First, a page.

“Stakeholder engagement should not be seen as a separate activity from ‘real’ project management, and in most cases, it should not be outsourced or, worse still, regarded as an activity only for public relations or communications departments. It is vital for project teams, especially the senior members, to continuously develop their understanding of their stakeholders’ evolving objectives, interests, constraints and expectations, whether these are reasonable or not”.
The above quotation is taken from the 2014 RICS guidance on stakeholder engagement, arising out of a collaboration with the Association of Project Management (APM) which identifies ten principles for effective stakeholder engagement and reflects best practice guidance to surveyors as well as being enshrined in the APM ‘Body of Knowledge’ (7th edition).
The aspire team wholeheartedly endorse the ten principles and are keen to promote a much more collaborative approach to assessing compulsory purchase compensation, rather than the adversarial approach which we too often see adopted by BOTH sides in compensation negotiations. This article explores the dynamics of effective engagement between claimants and acquiring authorities. It builds on the work undertaken by aspire partner Adrian Maher as a board member of the Compulsory Purchase Association (CPA) and explains how acquiring authorities should aim to better align their own and claimants’ objectives for mutual benefit. Our experience of having operated in this way on major projects such as Crossrail is that it can reduce objections, drive efficiency and save compensation many times the fees incurred.
What drives the parties’ behaviours?
The interpretation of the European Convention on Human Rights (ECHR) in Government Guidance is largely to blame in driving the wrong behaviours. The ECHR requires the public need for the CPO to be proportionate such that this need outweighs private loss of the individual. The “Compulsory Purchase Guidance and Crichel Down Rules” (“the Guidance”), interprets this legal requirement by stating that acquiring authorities should “demonstrate that they have taken reasonable steps to acquire all of the land and rights included in the Order by agreement. Contrast this with the weak statement in the Guidance that authorities should “consider” steps to help those affected by a compulsory purchase order (CPO).
Compliance with the guidance is assessed by the inspector at the CPO public inquiry and hence the promoter’s primary focus is on acquiring land to meet the guidance. But, many owners are not interested in agreeing to sell before the inquiry. Some want to challenge the principle of the CPO and not be bought-off, others just want it to go away and yet more may wish stay as long as possible but want to understand the impact on them and their personal or business finances. Whilst offering to purchase land by agreement is important, the Government Guidance should recognise that not all affected parties want to sell and that for them engagement should be about helping them understand the impact of compulsory purchase and what measures might be available to mitigate that impact when it happens. Adrian Maher is leading a CPA working group on ‘constructive engagement’ and presenting a paper regarding proposed changes to Government Guidance at a CPA Reform Engagement Briefing event on 29th April 2021.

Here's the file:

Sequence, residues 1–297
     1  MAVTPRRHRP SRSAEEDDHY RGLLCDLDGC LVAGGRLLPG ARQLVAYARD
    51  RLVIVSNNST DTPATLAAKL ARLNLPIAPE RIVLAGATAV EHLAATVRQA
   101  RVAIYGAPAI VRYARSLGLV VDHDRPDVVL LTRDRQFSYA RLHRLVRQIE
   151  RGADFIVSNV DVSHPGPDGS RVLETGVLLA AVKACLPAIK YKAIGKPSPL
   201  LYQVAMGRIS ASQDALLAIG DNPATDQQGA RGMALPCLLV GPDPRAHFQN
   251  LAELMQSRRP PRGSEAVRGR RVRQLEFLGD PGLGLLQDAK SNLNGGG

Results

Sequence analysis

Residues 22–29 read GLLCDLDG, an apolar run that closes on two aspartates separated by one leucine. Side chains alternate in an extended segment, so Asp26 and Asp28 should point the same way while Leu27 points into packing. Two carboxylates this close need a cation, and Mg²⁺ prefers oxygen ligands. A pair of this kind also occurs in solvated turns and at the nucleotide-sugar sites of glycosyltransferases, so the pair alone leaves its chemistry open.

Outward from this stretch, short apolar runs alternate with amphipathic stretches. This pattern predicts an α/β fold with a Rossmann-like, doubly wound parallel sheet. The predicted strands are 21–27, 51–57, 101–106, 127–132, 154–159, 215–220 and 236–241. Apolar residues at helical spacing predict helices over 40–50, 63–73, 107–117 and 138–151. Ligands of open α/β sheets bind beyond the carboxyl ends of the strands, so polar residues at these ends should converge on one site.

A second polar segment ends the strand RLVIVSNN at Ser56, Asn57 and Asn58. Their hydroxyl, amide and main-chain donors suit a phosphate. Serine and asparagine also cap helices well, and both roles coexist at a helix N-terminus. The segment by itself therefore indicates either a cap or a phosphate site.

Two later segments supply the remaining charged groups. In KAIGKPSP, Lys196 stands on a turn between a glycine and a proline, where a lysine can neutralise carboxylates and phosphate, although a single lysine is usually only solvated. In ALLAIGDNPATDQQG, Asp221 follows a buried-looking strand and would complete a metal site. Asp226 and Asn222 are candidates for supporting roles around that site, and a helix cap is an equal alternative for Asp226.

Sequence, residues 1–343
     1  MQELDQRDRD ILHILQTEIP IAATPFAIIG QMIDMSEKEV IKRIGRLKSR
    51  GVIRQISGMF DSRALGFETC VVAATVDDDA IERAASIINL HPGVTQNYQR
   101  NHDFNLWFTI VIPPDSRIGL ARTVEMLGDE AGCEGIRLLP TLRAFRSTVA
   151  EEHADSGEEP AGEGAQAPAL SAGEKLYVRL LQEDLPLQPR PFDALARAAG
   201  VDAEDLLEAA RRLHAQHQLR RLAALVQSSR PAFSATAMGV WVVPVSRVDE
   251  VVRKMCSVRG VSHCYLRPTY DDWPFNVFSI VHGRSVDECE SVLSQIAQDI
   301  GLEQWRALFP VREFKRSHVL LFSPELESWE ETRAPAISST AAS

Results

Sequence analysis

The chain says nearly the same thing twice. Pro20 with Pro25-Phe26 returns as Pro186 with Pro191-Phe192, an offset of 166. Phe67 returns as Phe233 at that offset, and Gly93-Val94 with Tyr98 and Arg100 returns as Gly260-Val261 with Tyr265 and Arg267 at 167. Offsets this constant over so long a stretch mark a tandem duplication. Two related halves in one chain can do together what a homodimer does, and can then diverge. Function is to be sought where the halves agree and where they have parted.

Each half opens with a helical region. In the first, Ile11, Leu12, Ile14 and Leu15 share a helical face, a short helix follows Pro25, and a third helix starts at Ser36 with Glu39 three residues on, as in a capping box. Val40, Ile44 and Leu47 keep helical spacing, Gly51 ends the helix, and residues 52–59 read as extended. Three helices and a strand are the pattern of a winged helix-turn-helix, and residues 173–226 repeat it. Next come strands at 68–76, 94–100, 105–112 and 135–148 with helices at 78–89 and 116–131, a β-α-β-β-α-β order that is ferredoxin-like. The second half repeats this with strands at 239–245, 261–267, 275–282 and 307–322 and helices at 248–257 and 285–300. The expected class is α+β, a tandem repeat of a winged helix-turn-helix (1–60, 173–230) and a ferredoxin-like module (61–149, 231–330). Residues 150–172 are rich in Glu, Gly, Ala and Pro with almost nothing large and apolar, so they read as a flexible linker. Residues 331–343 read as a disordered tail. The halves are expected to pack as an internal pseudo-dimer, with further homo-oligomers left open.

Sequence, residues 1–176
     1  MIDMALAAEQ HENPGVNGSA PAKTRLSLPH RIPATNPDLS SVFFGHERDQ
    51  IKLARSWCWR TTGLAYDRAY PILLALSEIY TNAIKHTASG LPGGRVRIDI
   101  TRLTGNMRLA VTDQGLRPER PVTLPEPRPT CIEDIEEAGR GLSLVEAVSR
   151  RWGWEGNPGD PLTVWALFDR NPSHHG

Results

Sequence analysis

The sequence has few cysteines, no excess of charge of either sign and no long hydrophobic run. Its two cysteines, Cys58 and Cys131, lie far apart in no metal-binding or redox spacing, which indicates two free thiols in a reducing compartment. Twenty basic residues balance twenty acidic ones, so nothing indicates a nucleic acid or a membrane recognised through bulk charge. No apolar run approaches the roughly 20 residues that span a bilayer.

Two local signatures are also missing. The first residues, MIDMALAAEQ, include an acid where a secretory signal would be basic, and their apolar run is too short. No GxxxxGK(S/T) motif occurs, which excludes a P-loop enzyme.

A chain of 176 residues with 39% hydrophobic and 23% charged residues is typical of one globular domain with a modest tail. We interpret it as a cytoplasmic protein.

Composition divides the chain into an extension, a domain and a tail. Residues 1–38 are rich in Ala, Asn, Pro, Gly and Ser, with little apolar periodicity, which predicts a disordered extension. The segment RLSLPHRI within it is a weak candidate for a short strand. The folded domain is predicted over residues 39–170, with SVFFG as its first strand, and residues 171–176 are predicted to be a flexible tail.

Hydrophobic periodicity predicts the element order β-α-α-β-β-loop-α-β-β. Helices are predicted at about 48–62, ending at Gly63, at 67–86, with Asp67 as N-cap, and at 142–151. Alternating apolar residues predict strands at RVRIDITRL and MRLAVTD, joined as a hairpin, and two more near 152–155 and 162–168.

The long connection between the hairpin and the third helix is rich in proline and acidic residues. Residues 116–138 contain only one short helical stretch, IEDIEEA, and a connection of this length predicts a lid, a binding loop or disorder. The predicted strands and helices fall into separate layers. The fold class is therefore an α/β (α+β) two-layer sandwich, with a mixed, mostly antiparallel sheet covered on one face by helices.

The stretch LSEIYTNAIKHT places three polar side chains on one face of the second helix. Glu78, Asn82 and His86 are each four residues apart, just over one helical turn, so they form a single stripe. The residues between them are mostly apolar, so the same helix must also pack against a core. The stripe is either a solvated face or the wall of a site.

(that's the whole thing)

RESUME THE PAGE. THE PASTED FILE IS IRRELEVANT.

What this highlights is that differences in the objectives of acquiring authorities and affected parties can drive the wrong behaviours. Unfortunately, it is rather too easy for an acquiring authority to be focussed on solely what it wants from the compulsory purchase process, which is primarily to deliver project-related land on time and to budget. This requires minimising objections; negotiation to address objections where practicable; securing vacant possession of all land on time and ensuring that the Property Cost Estimate (PCE) provides an effective assessment of all compensation within the law. However, the best outcomes in negotiations are generally achieved if there is an appreciation of what the other side to a transaction wants to achieve, why they want to achieve it and in using this understanding to tailor the approach to negotiations.
Utilising this approach, we suggest that there are four key steps for acquiring authorities in managing engagement:
- explain the impact of the project;
- understand the financial consequences;
- work together with stakeholders to mitigate the impact; and
- invest in building good relationships.
The key issue for acquiring authorities to bear in mind throughout its stakeholder engagement is …’what would be the implications of giving the affected party the minimum three months’ notice’? The affected party’s duty to mitigate their loss does not require them to take unreasonable risks and so the acquiring authority would be foolish if it did not try to understand what these risks are and to work to reduce the claimants’ risks where this can result in a lower overall net cost to the project. i.e. having regard not just to compensation, but to the construction costs, risk and programme. Mitigation of the claimants’ loss means less compensation payable by the acquiring authority, but this first requires both parties to understand the impact, then quantify it and for the acquiring authority to weigh up the cost and risk of making commitments against potential savings for the project. If engagement pre-inquiry is solely focused on attempting to buy an objector’s property, then this will mean a huge missed opportunity and a frustrated objector.